p114-MBP binding activity was initially identified by south-western blot analysis of cellular extracts prepared from infiltrating ductal carcinoma cells obtained from a breast cancer patient and from SK-BR-3 cells (ATCC HTB 30), which is a poorly differentiated human breast adenocarcinoma cell line. p114-MBP bound the wild type MAR probe but not the mutant MAR probe. p114-MBP was substantially purified by fractionating the cell extracts first on a DNA affinity column containing the mutant MAR probe, to remove non-specific AT-rich DNA binding proteins, then on a DNA affinity column containing the wild type MAR probe (see Example I). p114-MBP migrated as a single band as determined by SDS-PAGE and silver staining was not immunoreactive with antibodies specific for several known nuclear matrix proteins, including, for example, SATB1, SAF-A/hnRNP-U and nucleolin.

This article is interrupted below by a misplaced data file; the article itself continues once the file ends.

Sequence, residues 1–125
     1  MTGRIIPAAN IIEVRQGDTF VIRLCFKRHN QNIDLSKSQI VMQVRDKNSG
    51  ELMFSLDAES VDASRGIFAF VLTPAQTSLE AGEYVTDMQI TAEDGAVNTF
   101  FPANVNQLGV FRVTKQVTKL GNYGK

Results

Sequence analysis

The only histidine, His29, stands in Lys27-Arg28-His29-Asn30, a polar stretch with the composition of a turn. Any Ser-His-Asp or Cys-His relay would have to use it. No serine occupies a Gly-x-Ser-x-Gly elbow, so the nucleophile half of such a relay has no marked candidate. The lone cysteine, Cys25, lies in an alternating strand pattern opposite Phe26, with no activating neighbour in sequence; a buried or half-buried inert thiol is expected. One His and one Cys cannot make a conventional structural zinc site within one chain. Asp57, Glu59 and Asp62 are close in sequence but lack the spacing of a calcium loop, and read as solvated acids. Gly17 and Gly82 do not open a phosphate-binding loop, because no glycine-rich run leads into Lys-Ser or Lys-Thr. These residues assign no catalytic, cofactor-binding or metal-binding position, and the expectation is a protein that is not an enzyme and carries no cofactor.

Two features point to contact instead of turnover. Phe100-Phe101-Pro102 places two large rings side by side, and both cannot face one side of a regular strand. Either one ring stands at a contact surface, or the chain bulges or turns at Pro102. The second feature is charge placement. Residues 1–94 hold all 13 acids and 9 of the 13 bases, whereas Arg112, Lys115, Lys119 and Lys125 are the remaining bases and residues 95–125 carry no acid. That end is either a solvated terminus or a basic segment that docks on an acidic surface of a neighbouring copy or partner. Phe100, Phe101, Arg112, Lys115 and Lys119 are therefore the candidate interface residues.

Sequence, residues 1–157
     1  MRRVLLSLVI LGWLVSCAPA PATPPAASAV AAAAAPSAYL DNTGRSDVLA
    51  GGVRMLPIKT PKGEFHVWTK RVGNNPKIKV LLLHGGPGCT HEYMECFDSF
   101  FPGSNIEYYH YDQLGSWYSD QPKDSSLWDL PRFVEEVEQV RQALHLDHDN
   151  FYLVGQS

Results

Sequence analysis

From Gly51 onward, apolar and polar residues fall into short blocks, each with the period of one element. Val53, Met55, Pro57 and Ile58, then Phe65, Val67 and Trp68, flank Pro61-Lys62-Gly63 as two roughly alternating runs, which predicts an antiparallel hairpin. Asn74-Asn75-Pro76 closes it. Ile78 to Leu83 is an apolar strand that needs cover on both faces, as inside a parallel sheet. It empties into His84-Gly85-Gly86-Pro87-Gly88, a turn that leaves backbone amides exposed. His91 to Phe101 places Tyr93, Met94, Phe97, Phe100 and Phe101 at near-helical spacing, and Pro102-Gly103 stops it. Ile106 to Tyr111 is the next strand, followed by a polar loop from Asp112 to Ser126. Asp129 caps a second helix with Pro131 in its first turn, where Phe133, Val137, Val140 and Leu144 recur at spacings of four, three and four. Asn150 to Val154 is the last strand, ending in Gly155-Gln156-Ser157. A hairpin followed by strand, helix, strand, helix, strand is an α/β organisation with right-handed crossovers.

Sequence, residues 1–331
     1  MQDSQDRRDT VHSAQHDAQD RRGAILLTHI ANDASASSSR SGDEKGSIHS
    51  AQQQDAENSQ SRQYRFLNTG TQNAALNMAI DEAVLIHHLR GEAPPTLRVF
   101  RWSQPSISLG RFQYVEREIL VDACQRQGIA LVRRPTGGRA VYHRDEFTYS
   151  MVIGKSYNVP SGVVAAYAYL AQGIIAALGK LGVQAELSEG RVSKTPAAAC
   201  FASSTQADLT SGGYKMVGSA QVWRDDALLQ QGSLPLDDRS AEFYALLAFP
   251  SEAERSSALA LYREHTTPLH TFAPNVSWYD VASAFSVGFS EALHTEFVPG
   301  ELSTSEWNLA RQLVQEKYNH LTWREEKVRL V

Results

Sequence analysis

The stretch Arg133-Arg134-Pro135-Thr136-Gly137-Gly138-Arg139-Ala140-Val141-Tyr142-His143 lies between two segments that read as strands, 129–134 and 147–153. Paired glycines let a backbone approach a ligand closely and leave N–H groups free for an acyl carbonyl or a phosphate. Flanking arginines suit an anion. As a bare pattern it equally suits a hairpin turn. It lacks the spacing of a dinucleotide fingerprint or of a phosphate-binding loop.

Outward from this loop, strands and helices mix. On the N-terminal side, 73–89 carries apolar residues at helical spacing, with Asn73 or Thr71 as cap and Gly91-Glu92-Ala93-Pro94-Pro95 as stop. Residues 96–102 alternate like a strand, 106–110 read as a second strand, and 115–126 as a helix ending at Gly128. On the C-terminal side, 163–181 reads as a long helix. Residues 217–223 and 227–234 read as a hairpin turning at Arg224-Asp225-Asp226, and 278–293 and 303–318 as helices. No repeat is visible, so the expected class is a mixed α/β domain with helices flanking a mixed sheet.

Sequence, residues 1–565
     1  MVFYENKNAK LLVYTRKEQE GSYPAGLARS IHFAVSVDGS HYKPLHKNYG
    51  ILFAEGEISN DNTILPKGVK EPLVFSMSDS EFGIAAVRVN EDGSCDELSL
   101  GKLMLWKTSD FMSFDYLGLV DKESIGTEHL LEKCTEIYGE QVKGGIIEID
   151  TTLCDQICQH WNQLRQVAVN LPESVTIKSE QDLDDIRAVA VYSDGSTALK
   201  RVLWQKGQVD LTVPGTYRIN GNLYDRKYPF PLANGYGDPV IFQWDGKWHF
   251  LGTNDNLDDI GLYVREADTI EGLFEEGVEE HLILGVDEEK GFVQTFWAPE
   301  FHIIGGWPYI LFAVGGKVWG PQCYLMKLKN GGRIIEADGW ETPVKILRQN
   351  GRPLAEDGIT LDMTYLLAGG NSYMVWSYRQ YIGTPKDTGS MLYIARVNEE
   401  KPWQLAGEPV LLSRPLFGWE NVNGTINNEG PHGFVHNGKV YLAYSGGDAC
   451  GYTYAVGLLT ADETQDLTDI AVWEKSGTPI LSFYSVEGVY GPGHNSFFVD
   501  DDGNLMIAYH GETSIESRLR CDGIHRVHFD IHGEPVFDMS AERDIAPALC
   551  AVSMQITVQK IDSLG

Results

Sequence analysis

The present invention also provides active fragments of p114-MBP. When used in reference to p114-MBP, the term "active fragment" means an amino acid sequence that is a portion of the entire p114-MBP protein, provided the amino acid sequence retains the ability to specifically associate with a MAR. An active fragment of p114-MBP can be obtained, for example, by partial proteolysis of the substantially purified p114-MBP, by chemical synthesis of a portion of the amino acid sequence of p114-MBP or by expression of a nucleic acid sequence encoding a portion of p114-MBP. In view of the methods disclosed herein or otherwise known in the art, active fragments of p114-MBP readily can be identified.